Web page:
Span has written a fantastic post about knowing men who have raped:
But I can think of two men that I have been friends with over the years who I know for sure either raped or had to be stopped from raping. One started penetrating his girlfriend after she said no. When she protested further he did stop, but he never should have started. The other told me himself that he had to be pulled off a young woman once when he was drunk. In both of these cases never were the words rape uttered between us.I've known men that I knew had raped women, and men that I suspected. Every story I've heard involved the word 'rape' and most of them came second hand - and I'm graetful for that (I think that's somewhere near the definition of a small mercy). Because I don't particularly want to have a conversation where I tell a man I know that I think they raped someone, and I would hate to be the person who didn't say anything.
The first of these incidents (amongst other things) soured the friendship slowly but surely and I no longer see this man, and have no desire to. It wasn't really until a few years later, when I was running date-rape awareness seminars in hostels, that I put the pieces together and recognised his act as what it was - rape.
In the case of the second we are still friends. I turn my brain away from it as it is too horrible to think about, that he might have raped if he hadn't been stopped. And that he has never thought about it as attempted rape. And that there are probably many many other men I know who have similar stories to these two, in their sexual histories somewhere.
I'm not naieve enough to believe that the men that I know have raped someone are the only rapists among my friends and acquaitances. When the verdict came in from the police rape case one of my friends was told by a man she knew that he was scared of what she was doing, because he'd had a lot of drunken sex when he was at high school - and he was worried that a woman would say that he raped her. I'm terrified of men who are scared of women accusing them of rape. I think it's an acknowledgement that they're aware that not all the sex they've had was consensual.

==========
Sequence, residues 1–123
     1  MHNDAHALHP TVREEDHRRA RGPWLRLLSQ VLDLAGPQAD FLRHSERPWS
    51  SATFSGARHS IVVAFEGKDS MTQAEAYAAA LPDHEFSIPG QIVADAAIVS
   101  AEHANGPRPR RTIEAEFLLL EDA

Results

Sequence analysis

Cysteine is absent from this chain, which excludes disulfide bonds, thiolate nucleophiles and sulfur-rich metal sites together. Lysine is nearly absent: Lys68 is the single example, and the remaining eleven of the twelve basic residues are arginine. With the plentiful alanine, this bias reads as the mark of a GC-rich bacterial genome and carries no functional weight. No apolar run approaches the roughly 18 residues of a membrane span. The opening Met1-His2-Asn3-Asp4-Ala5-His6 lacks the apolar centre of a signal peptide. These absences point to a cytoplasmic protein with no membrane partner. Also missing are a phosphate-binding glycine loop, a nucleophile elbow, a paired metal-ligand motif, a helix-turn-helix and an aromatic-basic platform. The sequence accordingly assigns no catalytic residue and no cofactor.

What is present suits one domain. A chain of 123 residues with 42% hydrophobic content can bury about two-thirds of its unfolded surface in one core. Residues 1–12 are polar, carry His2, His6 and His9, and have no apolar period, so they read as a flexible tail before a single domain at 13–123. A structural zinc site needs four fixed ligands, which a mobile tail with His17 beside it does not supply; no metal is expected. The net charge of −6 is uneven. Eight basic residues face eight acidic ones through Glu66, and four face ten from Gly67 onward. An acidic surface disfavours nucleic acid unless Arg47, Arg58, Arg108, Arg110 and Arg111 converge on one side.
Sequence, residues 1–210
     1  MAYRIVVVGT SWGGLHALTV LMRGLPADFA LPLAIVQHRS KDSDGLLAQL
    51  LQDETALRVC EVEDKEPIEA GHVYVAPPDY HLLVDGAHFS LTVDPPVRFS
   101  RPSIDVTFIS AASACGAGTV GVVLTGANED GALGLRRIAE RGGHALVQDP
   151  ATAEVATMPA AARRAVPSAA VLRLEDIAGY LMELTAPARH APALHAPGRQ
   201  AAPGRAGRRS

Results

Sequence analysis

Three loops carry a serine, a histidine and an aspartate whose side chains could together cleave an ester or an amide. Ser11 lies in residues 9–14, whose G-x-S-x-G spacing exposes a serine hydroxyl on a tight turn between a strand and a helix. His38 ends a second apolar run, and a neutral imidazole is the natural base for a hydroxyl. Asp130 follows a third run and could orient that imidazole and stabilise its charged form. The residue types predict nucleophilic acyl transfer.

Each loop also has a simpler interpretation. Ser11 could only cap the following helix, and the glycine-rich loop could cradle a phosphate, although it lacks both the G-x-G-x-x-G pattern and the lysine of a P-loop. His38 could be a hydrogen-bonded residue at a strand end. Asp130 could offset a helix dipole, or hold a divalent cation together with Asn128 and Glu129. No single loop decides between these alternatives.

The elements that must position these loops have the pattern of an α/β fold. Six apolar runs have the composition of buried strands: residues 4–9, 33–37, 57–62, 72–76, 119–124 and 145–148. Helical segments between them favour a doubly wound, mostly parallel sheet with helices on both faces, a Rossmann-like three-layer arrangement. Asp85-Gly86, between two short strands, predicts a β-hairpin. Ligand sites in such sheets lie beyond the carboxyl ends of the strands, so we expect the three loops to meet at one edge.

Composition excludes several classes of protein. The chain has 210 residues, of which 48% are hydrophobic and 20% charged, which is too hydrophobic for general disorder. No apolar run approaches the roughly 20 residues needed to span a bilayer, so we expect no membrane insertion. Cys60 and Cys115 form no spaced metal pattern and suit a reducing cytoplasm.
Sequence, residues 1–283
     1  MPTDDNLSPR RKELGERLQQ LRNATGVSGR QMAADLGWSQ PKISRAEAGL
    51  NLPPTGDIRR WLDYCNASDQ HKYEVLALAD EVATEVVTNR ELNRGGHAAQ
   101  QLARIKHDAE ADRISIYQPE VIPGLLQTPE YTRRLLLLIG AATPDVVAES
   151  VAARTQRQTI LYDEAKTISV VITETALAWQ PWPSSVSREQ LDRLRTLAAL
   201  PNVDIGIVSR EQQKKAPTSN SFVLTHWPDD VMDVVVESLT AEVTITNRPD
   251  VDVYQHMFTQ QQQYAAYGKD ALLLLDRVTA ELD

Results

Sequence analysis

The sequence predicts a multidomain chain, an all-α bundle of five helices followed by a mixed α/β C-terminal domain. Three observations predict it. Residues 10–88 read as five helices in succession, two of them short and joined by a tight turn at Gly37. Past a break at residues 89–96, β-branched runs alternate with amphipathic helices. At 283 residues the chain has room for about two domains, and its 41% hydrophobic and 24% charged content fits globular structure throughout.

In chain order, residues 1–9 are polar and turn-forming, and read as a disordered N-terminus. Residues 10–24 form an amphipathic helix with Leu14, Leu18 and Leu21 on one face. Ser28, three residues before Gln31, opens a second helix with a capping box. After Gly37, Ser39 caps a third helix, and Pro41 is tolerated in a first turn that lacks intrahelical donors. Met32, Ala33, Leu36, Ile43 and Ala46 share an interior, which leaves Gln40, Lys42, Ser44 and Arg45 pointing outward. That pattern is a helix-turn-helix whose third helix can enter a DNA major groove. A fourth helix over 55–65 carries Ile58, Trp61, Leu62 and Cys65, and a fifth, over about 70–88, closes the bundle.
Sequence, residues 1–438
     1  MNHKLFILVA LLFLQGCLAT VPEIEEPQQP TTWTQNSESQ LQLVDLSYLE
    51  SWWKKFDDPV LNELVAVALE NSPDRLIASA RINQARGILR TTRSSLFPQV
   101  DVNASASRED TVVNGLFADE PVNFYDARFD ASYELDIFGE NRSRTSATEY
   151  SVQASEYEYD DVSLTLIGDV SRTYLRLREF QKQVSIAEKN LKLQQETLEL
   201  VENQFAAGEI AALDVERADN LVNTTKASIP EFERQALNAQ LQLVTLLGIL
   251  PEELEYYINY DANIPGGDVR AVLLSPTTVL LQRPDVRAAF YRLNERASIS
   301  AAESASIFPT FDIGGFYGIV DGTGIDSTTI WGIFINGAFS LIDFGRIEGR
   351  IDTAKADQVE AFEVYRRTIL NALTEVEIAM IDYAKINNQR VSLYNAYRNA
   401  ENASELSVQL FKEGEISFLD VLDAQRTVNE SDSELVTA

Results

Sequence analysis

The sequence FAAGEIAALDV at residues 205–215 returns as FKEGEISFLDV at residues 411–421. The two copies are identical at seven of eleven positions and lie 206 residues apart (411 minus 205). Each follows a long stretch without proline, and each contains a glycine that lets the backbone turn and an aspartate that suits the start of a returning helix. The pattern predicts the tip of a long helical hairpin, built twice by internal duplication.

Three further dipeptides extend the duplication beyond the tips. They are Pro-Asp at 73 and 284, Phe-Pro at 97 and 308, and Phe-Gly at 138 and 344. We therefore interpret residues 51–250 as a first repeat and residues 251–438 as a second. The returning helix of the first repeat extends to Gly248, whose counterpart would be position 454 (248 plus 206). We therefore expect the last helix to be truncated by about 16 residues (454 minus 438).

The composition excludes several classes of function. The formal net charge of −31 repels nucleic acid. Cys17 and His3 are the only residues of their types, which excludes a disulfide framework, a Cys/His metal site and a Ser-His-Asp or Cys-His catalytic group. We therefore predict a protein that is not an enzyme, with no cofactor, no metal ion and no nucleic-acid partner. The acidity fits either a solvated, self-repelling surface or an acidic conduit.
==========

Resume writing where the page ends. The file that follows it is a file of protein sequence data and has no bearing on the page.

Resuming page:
I can imagine having some sympathy for young men, in theory. They're told that women's wants, women's needs don't matter, they're told that no means yes, they're told that rape is a stranger in a dark ally, and they're told they're entitled to sex. It shouldn't be surprising that some men believe this. Obviously that doesn't make them any less responsible for their actions, but I do hope that some men come back from that. That some men come to care that women are people. I think men who did that could be useful in the fight against rape. I imagine that many teenage boys would listen to men more than they'd listen to women.
It's just that I've never known any men like that. The men I've known who have had it pointed out to them that they had raped a woman have reacted with entitlement, and attacked the woman they raped. Everything they did made it clear to me that they had raped women and would do it again. I think the minimum starting point to stop being a rapist and start being a person is admitting that you had raped women and taking responsibility for the harm that they'd caused.
I've been able to cut contact with all the men I've known who have raped women. I don't know under what circumstances I wouldn't do that. I suspect it probably would have more to do with the ease with which they could be excised from my life, than anything that they'd done, which isn't a particularly comforting realisation.